Your Competition Charges Less Than You

your Competition Charges Less Than YouDepending on the service that you offer, their service may not be comparable with yours. They may not have the same experience, the same quality, the same delivery dates, etc.

Also, quality costs money. The other provider may be new and charging less to build up their clientele. Comparing your service to theirs therefore is not fair or a like for like comparison because you have a lot more experience.

There will always be other providers charging less, especially as we all operate now in a global marketplace. So stating that someone is cheaper isn’t really a good argument any longer. Do they offer the same or better service? Are they reliable? Those are better questions. If the prospective client truly thought that the other provider was better, then they would have ordered from them already and stopped talking with you. All these issues can be pointed out in a polite manner.

This Is Easy (For You) And Will Take Little Time

Some clients will assume that you know how to accomplish the task easily and then make the unfair connection that it should be less expensive because it’s easy for you. Being knowledgeable about a subject, which means you can accomplish the task better, should command a higher fee not a lower one. To suggest otherwise is twisting the facts to suit their needs.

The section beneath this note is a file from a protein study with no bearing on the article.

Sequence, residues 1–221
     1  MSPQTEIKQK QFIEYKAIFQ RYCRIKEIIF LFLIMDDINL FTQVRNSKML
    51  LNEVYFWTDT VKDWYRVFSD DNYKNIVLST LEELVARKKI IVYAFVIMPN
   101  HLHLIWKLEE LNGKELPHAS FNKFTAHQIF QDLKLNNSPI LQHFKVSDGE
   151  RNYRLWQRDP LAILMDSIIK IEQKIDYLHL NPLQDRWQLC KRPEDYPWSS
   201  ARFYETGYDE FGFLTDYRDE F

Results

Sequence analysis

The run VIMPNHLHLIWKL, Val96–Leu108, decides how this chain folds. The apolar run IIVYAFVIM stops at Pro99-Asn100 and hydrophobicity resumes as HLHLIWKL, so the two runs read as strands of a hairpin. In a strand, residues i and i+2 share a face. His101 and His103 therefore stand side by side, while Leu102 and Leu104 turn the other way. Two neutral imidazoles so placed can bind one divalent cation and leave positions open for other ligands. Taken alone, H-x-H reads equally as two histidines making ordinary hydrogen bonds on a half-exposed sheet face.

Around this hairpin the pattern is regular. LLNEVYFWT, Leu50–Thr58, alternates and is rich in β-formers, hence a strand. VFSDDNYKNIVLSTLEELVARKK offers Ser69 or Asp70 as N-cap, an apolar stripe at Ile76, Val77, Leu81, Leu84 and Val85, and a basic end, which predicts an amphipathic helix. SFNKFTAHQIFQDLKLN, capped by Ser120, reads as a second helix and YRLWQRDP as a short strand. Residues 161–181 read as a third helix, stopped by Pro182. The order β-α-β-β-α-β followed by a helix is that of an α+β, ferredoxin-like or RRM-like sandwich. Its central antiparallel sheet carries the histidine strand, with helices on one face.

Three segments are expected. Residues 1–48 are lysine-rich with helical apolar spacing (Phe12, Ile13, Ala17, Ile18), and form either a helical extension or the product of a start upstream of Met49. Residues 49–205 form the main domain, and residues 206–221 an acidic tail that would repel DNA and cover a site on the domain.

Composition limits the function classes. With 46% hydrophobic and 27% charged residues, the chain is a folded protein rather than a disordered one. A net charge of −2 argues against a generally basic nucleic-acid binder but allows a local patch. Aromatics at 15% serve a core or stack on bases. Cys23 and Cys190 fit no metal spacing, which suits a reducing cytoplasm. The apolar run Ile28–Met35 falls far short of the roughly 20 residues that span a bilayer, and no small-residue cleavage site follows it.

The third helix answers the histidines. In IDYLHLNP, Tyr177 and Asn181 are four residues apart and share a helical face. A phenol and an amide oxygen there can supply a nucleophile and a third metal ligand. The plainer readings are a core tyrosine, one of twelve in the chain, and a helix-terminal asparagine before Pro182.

If a freelancer is charging for a particular service rather than charging by the hour, then some clients will argue with the fee if the task is known to have taken less time than they would have expected. This does in fact balance itself out with other orders that take longer than expected, which creates an average over time.

The Lies We Tell Ourselves


Marketing Is Wasted Time

It’s very easy to only focus our time on productive work. This is all well and good when clients are repeat customers, but it’s easy for their work to suddenly dry up. Anyone with freelance writing clients whose web sites were badly affected by the recent Google Penguin 2.1 algorithm update can confirm that. Continually marketing your services despite being busy at the time is essential to ensure fewer shallow periods which can drastically affect monthly income.

They’re Paying A High Price So It’ll Be Okay

This affects freelancers, especially programmers but also freelance writers, who accept a fixed price payment for projects where the scope is too vague.

For example, an “automatic login” feature can be an agreed feature, but a coder may believe that means from the login page only, whereas the client may believe a visitor arriving on any page should be automatically logged in. With hand-coded web sites, changing from one structure to the other can add on significant time when needing to resolve such a dispute later.